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Hormonal Disorder

Hormones are a most important organic bi-products into our body to perform very useful bio-chemical functions for our excellent living theme.

 

Endocrine diseases are disorders of the endocrine system. The branch of medicine associated with endocrine disorders is known as endocrinology.

Types of endocrine disease

Broadly speaking, endocrine disorders may be subdivided into three groups:

  1. Endocrine gland hyposecretion (leading to hormone deficiency)
  2. Endocrine gland hypersecretion (leading to hormone excess)
  3. Tumours (benign or malignant) of endocrine glands

Endocrine disorders are often quite complex, involving a mixed picture of hyposecretion and hypersecretion because of the feedback mechanisms involved in the endocrine system. For example, most forms of hyperthyroidism are associated with an excess of thyroid hormone and a low level of thyroid stimulating hormone.

List of endocrine diseases

Adrenal disorders

Glucose homeostasis disorders

Calcium homeostasis disorders and Metabolic bone disease

Pituitary gland disorders

Posterior pituitary

Anterior pituitary

Sex hormone disorders

Tumours of the endocrine glands not mentioned elsewhere

See also separate organs

[edit] History

Timme's syndrome is a historical term for pluriglandular disease ( disease involving a number of endocrine organs ) first described in 1919.[1]

See also

Hormone therapy, or hormonal therapy is the use of hormones in medical treatment. Treatment with hormone antagonists may also referred to as hormonal therapy. Wikipedia has the following articles regarding this topic:

 

Cancer

Aging

reassignment

Intersex conditions

Hormonal deficiency

Psychological treatment

 

 

The following is a list of hormones found in humans. Spelling is not uniform for many hormones. Current North America and international usage is estrogen, gonadotropin, while British usage retains the Greek diphthong in estrogen and favors the earlier spelling gonadotrophin (from trophē ‘nourishment, sustenance’ rather than tropē ‘turning, change’).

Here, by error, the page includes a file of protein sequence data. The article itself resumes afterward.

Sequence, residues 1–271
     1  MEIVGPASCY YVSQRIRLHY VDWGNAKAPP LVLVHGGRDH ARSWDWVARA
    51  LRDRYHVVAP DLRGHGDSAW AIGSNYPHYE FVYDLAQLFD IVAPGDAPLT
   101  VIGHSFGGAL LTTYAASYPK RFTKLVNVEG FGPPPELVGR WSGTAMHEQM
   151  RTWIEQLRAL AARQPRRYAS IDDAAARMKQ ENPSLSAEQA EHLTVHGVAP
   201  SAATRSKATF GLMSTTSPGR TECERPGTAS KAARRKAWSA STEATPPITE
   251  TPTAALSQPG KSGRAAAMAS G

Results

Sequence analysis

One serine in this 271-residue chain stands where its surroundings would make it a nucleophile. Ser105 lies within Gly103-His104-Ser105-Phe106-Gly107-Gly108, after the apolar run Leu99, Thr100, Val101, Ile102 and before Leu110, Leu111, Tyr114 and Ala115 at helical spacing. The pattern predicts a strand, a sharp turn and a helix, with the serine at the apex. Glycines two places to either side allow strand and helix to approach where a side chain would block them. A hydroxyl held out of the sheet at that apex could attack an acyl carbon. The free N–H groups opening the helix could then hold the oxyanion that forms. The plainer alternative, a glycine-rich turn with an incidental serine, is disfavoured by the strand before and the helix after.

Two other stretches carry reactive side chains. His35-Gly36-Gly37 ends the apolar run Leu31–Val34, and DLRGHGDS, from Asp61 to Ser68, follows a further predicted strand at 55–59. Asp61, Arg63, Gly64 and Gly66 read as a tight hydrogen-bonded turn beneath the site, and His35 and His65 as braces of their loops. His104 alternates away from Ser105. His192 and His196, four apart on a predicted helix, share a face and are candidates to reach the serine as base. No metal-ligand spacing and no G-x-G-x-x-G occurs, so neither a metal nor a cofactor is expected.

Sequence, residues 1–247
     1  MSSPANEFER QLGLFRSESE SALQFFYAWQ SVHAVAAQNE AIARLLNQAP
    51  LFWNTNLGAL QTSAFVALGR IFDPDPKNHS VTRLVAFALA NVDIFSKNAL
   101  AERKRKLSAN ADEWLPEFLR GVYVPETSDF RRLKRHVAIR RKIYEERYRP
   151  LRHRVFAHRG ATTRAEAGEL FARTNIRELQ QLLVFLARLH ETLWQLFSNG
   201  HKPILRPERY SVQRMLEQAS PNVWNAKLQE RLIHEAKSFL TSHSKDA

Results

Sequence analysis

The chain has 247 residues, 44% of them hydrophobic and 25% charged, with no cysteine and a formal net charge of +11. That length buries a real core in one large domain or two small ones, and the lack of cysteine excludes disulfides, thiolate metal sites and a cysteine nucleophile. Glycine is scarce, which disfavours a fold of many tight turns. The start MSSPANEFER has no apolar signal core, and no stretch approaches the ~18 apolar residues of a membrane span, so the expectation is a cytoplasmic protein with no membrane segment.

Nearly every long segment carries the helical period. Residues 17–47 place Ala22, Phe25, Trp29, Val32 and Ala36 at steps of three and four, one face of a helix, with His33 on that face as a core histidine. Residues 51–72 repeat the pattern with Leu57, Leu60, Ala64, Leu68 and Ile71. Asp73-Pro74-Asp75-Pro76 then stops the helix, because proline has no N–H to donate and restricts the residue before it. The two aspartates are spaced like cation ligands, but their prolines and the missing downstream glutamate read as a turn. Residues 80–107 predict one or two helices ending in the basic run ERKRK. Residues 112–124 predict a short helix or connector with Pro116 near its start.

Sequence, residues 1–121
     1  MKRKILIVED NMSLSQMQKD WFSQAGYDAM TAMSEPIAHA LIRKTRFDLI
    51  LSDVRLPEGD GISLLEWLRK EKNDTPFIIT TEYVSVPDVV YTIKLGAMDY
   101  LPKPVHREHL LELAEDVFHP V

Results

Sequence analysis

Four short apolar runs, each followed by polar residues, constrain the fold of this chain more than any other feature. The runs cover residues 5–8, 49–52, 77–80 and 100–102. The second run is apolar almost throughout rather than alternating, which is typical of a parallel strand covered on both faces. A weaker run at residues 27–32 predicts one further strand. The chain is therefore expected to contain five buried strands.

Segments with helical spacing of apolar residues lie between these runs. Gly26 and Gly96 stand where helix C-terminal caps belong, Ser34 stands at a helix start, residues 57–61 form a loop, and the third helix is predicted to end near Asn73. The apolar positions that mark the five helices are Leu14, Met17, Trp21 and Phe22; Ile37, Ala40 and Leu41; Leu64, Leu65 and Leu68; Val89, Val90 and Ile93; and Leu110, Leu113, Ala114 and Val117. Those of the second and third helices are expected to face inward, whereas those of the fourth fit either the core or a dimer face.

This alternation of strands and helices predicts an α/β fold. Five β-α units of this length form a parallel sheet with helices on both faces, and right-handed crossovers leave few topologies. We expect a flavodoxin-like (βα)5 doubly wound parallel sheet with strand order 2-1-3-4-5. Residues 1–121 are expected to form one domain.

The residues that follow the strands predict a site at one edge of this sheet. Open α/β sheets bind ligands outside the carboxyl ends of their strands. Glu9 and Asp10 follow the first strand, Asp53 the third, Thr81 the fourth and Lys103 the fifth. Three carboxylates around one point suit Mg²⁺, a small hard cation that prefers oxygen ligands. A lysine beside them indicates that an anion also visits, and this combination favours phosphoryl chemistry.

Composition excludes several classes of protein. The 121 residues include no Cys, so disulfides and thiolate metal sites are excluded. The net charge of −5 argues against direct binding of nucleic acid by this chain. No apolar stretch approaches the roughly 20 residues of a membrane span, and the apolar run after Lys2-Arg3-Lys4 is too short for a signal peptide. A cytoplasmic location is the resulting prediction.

Structure↓

Name↓

Abbrev-
iation
↓

Tissue↓

Cells↓

Mechanism↓

Target Tissue↓

Effect↓

amine - tryptophan

Melatonin (N-acetyl-5-methoxytryptamine)

MT

pineal gland

pinealocyte

antioxidant and causes drowsiness

amine - tryptophan

Serotonin

5-HT

CNS, GI tract

enterochromaffin cell

Controls mood, appetite, and sleep

amine - tyrosine

Thyroxine (or tetraiodothyronine) (a thyroid hormone)

T4

thyroid gland

thyroid epithelial cell

direct

less active form of thyroid hormone: increase the basal metabolic rate & sensitivity to catecholamines,

affect protein synthesis

amine - tyrosine

Triiodothyronine (a thyroid hormone)

T3

thyroid gland

thyroid epithelial cell

direct

potent form of thyroid hormone: increase the basal metabolic rate & sensitivity to catecholamines, affect protein synthesis

amine - tyrosine (cat)

Epinephrine (or adrenaline)

EPI

adrenal medulla

chromaffin cell

Fight-or-flight response:

Boosts the supply of oxygen and glucose to the brain and muscles (by increasing heart rate and stroke volume, vasodilation, increasing catalysis of glycogen in liver, breakdown of lipids in fat cells. dilate the pupils Suppress non-emergency bodily processes (e.g. digestion) Suppress immune system

amine - tyrosine (cat)

Norepinephrine (or noradrenaline)

NRE

adrenal medulla

chromaffin cell

Fight-or-flight response:

Boosts the supply of oxygen and glucose to the brain and muscles (by increasing heart rate and stroke volume, vasoconstriction and increased blood pressure, breakdown of lipids in fat cells. Increase skeletal muscle readiness.

amine - tyrosine (cat)

Dopamine (or prolactin inhibiting hormone)

DPM, PIH or DA

kidney, hypothalamus

Chromaffin cells in kidney
Dopamine neurons of the arcuate nucleus in hypothalamus